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Tuesday, 29 November 1983
Page: 2961


Senator HAMER(9.52) —I think everyone, or almost everyone in this Parliament, would be in favour of the elimination of discrimination in employment and other discrimination on the grounds of sex to allow men and women -and this legislation cuts both ways; discrimination against men as well as women-if they so choose to compete with each other on merit without regard to sex. If they are good enough they should get the job. The trouble for the Opposition is that the Sex Discrimination Bill is still not drafted the way we would have chosen. The extraordinary flood of amendments now incorporated by the Government in the new Bill, amendments incorporated as a result of sustained Opposition pressure, is evidence either of very sloppy original drafting or of very muddled instructions, or both. Although the Bill is now a great improvement , we shall be proposing some more essential amendments at the Committee stage. The Minister for Education and Youth Affairs and Minister Assisting the Prime Minister on the Status of Women (Senator Ryan) should hang her head in shame. She has made an awful mess of a basically good idea and has done a lot to discredit the whole concept of sexual equality legislation.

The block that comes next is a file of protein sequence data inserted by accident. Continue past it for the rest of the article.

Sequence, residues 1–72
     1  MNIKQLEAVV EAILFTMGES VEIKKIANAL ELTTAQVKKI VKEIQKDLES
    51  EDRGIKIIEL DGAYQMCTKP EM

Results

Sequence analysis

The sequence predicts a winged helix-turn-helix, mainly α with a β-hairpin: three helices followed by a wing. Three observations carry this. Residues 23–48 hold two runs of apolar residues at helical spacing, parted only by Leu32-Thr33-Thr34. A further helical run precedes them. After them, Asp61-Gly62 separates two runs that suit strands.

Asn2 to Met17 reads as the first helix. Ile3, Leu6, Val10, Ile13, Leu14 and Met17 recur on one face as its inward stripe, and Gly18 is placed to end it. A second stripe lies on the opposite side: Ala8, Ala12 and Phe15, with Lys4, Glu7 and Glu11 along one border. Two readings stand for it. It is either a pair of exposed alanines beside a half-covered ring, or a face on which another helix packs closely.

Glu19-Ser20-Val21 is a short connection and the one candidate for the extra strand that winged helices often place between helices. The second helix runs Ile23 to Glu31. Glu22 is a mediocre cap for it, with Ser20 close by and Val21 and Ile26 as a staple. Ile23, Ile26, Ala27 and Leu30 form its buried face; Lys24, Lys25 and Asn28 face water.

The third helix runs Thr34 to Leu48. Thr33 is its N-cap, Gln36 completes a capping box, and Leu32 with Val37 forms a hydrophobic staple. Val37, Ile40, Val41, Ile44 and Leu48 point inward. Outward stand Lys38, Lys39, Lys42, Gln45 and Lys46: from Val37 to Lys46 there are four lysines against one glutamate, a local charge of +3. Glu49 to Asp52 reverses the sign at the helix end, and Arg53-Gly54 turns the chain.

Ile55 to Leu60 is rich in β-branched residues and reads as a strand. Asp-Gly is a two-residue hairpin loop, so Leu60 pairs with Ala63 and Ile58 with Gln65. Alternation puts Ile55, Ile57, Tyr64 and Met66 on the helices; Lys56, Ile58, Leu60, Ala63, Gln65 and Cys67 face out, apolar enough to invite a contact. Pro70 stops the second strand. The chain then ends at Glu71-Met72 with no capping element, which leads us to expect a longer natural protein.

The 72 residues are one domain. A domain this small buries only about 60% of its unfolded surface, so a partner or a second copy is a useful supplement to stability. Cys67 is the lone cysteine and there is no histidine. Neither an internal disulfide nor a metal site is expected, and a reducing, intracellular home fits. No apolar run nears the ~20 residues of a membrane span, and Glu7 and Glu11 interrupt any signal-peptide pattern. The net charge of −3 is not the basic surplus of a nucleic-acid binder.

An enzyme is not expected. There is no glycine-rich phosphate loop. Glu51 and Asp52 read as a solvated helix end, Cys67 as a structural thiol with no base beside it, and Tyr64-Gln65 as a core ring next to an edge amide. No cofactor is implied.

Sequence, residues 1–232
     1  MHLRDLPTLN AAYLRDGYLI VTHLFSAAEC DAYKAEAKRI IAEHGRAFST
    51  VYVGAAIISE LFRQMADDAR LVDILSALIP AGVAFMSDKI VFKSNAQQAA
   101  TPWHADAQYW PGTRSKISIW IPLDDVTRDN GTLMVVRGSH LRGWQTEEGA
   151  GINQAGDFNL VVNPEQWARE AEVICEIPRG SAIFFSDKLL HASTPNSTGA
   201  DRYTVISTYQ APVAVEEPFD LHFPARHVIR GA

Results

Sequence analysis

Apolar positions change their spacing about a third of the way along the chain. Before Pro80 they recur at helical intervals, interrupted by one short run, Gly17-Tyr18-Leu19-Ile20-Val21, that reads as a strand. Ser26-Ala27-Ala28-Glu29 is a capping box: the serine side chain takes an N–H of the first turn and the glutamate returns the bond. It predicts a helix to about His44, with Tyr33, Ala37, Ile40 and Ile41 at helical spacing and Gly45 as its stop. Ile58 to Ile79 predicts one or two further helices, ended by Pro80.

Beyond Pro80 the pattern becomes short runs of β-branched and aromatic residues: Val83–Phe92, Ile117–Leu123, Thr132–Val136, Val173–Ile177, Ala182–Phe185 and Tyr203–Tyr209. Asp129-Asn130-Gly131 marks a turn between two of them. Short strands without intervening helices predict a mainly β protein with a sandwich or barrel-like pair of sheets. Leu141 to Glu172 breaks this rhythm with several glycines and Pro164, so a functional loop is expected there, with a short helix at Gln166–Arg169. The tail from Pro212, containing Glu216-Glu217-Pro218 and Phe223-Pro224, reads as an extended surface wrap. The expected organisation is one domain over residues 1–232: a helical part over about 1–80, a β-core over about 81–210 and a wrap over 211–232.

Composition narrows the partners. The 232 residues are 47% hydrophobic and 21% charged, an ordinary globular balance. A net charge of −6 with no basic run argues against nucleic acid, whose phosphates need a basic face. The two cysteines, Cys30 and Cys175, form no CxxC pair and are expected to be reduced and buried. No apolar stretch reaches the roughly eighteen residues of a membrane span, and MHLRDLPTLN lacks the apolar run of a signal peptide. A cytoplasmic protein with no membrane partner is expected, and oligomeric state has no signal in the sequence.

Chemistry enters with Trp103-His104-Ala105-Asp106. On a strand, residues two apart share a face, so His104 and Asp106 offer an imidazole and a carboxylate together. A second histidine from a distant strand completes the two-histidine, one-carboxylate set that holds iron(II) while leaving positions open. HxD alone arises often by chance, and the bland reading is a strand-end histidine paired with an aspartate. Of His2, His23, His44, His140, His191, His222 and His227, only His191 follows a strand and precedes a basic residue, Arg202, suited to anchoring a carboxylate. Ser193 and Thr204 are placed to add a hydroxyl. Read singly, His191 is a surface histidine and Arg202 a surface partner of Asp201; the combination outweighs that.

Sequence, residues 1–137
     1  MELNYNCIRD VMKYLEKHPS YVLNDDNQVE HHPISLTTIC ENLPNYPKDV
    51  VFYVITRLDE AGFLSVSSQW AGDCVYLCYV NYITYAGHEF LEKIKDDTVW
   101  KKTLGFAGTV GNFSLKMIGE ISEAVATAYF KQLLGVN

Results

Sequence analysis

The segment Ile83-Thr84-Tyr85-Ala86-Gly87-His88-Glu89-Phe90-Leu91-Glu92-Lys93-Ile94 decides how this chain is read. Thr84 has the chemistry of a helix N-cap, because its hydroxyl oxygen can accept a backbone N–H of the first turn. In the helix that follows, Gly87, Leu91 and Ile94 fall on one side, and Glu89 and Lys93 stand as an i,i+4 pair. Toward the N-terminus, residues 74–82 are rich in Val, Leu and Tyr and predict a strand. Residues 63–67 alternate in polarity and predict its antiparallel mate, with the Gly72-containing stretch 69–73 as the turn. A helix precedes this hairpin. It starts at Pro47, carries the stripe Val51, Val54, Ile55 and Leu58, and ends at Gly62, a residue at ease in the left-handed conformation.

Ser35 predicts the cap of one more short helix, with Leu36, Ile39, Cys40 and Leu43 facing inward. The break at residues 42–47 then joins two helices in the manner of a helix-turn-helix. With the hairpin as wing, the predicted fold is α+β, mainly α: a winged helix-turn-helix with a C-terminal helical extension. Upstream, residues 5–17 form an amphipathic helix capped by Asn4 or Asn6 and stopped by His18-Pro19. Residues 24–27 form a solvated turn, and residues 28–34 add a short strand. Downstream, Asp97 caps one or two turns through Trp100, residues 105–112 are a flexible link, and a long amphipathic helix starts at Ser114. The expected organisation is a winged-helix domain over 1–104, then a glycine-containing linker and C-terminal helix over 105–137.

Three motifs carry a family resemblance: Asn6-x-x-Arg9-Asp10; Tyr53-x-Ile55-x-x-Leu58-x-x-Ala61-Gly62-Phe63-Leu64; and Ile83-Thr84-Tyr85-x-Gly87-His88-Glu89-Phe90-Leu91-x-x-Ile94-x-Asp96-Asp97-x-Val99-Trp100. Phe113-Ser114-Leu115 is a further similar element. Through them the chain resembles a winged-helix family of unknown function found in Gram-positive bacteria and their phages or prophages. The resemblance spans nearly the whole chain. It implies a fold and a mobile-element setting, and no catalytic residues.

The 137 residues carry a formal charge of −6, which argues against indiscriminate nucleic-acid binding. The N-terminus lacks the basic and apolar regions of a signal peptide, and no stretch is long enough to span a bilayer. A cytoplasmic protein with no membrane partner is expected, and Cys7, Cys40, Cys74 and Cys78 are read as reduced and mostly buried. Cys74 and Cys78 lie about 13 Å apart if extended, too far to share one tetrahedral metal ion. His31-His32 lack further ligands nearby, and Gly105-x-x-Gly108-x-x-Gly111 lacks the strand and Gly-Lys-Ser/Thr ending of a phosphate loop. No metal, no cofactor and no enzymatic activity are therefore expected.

I believe that we do need a properly drafted Bill in this area. Some of the opponents of the Bill imply that such a Bill is quite unnecessary, that they never had any problems doing what they wanted to do. For many of them this may well have been true. It is not always true for others in harder, more cut-throat economic circumstances. As an example, it is worth looking at the situation a few years ago with the Melbourne trams. Then all the drivers of trams, sitting up in comfort in the front, were men. Women were permitted only to be conductors , shouldering their way through the rush hour crowds. It takes no strength to be a tram driver nor, as one woman pointed out, does it require a peculiarly male appendage, though she used a blunter expression. The men had the perk of driving the tram and they fought very hard and effectively to prevent this being open to women. Eventually, after a long political struggle, this discrimination was broken down. This is only one example of many less dramatic cases of discrimination against women which are still continuing and this Bill very properly tackles this problem. The resistance comes from entrenched groups- usually, but not always, unions-protecting their perks and management is usually reluctant to stir up trouble for itself by trying to give the outsiders a fair go.